John Day Fossil Beds
Administrative History
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Chapter Two:

Establishment of a park at Clarno

Even though several significant paleontological finds had previously been made around Clarno, this area did not interest the state until the early 1960s. [145] At that point the proposed park's rock formations, not its fossils, took center stage because of their proximity to State Highway 218. As a result, the state targeted only 100 acres for this park and saw it as little more than a wayside.

The possibility of acquiring a 22 acre parcel by donation appears to have given preliminary park planning some impetus in 1962. [146] On July 11, 1963, the Frank W. Lee family donated this tract with two conditions. In addition to installing a bronze plaque to Lee's memory within the parcel, state officials also agreed to "Clarno State Park" as the park's official name. [147]

The state once again utilized the Recreation and Public Purposes Act in negotiating a twenty year lease of public domain land. Located west of the donated parcel, this 40 acre tract cost the state $50.00 every five years in rental fees beginning January 20, 1965. [148] Nine months later, state parks officials bought land located between the leased tract and the donated parcel. [149] After paying the holder $760.00 for 38 acres, the state had a park which one writer described as being "geared to the pleasures and fascinations of geology as well as recreation." [150]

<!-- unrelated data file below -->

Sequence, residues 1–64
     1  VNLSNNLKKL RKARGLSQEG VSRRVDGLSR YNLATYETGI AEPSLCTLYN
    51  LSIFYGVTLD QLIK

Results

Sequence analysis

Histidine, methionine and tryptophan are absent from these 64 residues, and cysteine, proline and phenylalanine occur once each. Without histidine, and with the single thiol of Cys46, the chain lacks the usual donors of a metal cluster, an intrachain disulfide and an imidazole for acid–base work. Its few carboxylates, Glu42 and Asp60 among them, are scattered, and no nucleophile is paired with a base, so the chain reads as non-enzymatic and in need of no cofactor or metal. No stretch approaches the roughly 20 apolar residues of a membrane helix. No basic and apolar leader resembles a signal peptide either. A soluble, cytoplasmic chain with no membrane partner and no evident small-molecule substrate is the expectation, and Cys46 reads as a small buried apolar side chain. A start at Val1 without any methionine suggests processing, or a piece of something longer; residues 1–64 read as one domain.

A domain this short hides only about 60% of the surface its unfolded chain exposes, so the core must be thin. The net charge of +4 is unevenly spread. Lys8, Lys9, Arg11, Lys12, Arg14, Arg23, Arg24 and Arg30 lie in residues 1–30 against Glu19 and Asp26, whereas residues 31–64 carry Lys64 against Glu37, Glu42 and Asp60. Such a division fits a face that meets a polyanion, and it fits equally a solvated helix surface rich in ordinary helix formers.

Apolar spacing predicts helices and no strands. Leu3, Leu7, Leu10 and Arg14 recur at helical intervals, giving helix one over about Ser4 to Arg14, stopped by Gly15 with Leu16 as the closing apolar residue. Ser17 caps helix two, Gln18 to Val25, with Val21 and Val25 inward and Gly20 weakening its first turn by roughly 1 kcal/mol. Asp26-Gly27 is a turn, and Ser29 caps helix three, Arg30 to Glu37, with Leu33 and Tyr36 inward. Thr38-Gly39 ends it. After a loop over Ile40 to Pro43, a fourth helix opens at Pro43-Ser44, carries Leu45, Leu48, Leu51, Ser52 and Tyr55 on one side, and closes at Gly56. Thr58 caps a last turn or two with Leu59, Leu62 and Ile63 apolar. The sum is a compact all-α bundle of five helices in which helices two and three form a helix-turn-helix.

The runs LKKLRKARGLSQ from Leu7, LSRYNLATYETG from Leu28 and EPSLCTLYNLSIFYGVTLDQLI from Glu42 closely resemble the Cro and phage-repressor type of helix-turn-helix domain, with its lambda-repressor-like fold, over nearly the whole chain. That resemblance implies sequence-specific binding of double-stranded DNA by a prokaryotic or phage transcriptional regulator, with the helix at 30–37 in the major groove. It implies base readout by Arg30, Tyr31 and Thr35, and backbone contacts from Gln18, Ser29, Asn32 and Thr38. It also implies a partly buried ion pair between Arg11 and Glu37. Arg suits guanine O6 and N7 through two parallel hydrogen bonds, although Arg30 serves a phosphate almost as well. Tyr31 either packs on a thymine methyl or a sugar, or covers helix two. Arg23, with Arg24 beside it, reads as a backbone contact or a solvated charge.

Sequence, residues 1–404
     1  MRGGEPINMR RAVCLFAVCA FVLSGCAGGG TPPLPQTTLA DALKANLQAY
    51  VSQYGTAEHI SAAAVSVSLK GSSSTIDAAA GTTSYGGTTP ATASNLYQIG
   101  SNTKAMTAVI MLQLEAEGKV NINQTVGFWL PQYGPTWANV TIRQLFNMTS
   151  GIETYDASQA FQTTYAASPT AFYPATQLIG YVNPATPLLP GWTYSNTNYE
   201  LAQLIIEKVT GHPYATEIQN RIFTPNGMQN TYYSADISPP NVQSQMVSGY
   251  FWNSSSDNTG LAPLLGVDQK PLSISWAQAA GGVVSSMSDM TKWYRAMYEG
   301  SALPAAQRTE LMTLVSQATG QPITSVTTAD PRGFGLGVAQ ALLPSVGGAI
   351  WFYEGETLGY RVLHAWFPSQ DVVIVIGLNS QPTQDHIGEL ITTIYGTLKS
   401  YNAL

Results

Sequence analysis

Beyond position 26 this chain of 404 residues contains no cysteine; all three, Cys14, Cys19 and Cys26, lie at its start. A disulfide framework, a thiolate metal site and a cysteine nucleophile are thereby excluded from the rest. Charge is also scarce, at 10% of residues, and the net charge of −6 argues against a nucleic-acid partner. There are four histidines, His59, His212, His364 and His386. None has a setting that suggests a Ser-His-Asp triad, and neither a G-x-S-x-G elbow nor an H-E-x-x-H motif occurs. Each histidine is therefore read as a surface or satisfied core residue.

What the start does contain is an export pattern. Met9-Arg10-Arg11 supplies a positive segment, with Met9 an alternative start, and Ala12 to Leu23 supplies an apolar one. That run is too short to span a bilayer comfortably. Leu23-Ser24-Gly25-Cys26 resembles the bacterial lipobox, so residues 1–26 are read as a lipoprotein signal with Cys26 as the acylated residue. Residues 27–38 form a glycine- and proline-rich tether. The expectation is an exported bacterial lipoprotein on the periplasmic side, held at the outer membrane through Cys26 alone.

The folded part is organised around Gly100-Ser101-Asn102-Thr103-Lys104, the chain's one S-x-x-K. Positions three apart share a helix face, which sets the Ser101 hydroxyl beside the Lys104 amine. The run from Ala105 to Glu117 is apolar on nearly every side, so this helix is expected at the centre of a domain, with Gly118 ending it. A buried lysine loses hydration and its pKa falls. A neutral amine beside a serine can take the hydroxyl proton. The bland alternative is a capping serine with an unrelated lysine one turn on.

map of Clarno State Park
Clarno State Park. The area delineated by broken lines and State Highway 218 is approximately 100 acres.
It includes the 40 acre parcel marked "U.S." which the state leased under the R&PP Act.

Next> Park planning and development at Clarno

Sheep Rock | Painted Hills | Clarno

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Last Updated: 30-Apr-2002